Physicians in Kansas probably will soon have to give women more information before an abortion.
The Kansas Senate passed a bill on a 25-15 vote Tuesday that will require women receive additional information at least 24 hours before an abortion.
“I think this is a bill that will help women make the right choice or an informed decision,” said Sen. Rob Olson, an Olathe Republican.
The legislation specifies that those details need to be provided to women on white paper, in black ink, printed in 12 point Times New Roman font.
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The bill has already passed the House and now heads to Gov. Sam Brownback, who is staunchly anti-abortion.
The changes require patients to be briefed on what year physicians received their medical degrees, whether they have malpractice insurance and whether the state’s Board of Healing Arts has taken disciplinary action against them.
The form would also detail certain employment information, clinical privileges and include whether the physician is a resident of Kansas.
Those who opposed the bill said Tuesday that they believe the changes could lead the state to court if the legislation becomes law.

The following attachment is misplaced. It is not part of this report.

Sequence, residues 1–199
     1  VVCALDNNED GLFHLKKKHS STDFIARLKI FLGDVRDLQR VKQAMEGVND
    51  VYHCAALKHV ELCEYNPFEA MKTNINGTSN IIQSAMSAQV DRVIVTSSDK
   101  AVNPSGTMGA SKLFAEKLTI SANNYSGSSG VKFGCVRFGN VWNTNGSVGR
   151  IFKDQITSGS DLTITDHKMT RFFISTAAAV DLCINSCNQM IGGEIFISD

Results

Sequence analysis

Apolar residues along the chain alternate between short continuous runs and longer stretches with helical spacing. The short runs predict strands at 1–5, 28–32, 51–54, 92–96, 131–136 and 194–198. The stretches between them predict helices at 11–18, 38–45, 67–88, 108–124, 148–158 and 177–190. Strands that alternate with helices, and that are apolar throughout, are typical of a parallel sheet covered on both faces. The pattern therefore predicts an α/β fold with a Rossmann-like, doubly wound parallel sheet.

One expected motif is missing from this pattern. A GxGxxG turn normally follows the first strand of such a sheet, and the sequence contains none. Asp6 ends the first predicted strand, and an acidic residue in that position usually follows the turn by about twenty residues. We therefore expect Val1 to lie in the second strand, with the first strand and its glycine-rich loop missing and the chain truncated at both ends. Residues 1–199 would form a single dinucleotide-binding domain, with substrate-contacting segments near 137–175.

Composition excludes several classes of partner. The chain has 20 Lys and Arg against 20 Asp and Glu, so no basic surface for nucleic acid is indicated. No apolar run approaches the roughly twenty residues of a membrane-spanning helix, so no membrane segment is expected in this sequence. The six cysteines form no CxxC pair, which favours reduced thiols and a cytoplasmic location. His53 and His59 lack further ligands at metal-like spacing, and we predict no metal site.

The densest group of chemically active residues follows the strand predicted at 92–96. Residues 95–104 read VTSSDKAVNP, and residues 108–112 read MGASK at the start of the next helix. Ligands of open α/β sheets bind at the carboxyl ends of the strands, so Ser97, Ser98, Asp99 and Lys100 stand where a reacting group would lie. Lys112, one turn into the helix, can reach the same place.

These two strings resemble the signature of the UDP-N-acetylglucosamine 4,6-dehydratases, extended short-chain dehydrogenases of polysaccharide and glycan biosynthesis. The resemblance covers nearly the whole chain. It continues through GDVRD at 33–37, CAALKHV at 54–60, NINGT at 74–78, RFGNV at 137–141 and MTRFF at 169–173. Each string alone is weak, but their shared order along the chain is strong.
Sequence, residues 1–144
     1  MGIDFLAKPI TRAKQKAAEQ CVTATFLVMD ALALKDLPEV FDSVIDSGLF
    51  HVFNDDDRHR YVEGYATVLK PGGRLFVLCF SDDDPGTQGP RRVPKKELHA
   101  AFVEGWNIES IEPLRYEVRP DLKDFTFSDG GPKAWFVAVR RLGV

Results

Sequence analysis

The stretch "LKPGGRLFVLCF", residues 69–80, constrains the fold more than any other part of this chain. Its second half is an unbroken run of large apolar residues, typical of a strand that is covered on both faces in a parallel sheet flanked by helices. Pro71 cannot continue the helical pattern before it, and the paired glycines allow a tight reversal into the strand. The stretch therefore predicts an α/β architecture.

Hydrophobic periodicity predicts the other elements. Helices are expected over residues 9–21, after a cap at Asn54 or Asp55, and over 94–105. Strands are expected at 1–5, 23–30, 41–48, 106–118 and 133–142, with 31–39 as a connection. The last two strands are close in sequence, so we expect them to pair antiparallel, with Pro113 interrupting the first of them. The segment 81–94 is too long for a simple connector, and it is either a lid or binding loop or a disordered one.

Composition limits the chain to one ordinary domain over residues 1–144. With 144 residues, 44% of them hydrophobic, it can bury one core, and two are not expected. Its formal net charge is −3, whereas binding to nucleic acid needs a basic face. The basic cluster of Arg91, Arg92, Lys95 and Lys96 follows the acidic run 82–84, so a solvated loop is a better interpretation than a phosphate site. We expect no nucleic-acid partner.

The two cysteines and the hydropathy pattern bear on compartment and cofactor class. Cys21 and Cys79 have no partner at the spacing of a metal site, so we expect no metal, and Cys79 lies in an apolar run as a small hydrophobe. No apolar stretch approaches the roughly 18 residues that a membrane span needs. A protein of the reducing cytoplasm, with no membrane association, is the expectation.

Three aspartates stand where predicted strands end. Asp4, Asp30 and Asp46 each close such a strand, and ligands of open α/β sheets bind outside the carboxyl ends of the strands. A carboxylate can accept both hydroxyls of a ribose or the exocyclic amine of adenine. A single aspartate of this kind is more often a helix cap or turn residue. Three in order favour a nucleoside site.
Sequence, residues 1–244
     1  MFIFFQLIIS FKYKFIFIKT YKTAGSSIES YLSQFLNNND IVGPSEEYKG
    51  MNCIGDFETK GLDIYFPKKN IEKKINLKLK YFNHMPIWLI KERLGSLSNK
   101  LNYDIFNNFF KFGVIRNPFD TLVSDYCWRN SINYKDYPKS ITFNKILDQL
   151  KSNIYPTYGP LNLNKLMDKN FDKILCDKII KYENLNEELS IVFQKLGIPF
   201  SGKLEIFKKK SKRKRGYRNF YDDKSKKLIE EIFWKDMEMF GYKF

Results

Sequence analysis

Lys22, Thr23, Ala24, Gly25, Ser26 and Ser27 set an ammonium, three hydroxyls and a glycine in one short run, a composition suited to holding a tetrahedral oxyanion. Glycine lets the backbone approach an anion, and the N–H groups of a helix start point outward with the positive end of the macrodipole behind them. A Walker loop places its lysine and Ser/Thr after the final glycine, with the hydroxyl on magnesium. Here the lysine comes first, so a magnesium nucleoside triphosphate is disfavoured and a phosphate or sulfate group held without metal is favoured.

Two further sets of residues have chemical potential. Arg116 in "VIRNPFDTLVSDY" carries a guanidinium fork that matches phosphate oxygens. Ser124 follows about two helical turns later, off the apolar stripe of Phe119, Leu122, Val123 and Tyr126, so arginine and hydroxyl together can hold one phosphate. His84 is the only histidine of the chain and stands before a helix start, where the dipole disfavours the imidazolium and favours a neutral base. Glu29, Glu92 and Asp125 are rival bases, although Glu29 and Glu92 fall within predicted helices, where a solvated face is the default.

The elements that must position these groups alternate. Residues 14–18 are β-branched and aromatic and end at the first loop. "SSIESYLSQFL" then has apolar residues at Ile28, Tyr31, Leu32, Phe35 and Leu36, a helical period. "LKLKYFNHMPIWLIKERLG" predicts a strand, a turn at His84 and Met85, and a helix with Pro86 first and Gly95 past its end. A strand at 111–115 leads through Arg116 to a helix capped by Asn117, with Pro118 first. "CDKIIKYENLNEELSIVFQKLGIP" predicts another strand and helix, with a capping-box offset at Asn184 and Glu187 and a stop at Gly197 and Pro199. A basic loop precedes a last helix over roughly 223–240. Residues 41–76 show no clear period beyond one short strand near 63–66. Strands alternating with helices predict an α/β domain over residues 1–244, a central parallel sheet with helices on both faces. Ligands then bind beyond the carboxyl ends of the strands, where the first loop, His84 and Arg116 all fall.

Other lawmakers have also taken issue with the fact that the bill requires the information for abortions but would not call for the same information prior to other medical procedures.
“This bill is simply harassment,” said Sen. Lynn Rogers, a Wichita Democrat.
“It’s discriminatory,” Sen. Barbara Bollier, a Mission Hills Republican, said before the debate.
Other Republicans fiercely stood by the bill, including Sen. Mary Pilcher-Cook.
“Women don’t leave abortion clinics whistling and jumping up and down,” said Pilcher-Cook, a Shawnee Republican. “... They are in a very vulnerable state because the nature of abortion is ugly and is evil because it kills a human being.”
An effort by opponents of the legislation to send the bill back to committee, which some lawmakers feared would kill the bill’s chances of passing, failed earlier in the debate.
Planned Parenthood Great Plains Votes released a statement after the vote saying the organization “denounces the Kansas Legislature’s Senate Bill 83, a policy that is unconstitutional, redundant, and medically unnecessary.”
Kansans for Life legislative director Kathy Ostrowski said in testimony earlier this year that the added information needed to be made available so women could “achieve a truly informed decision.”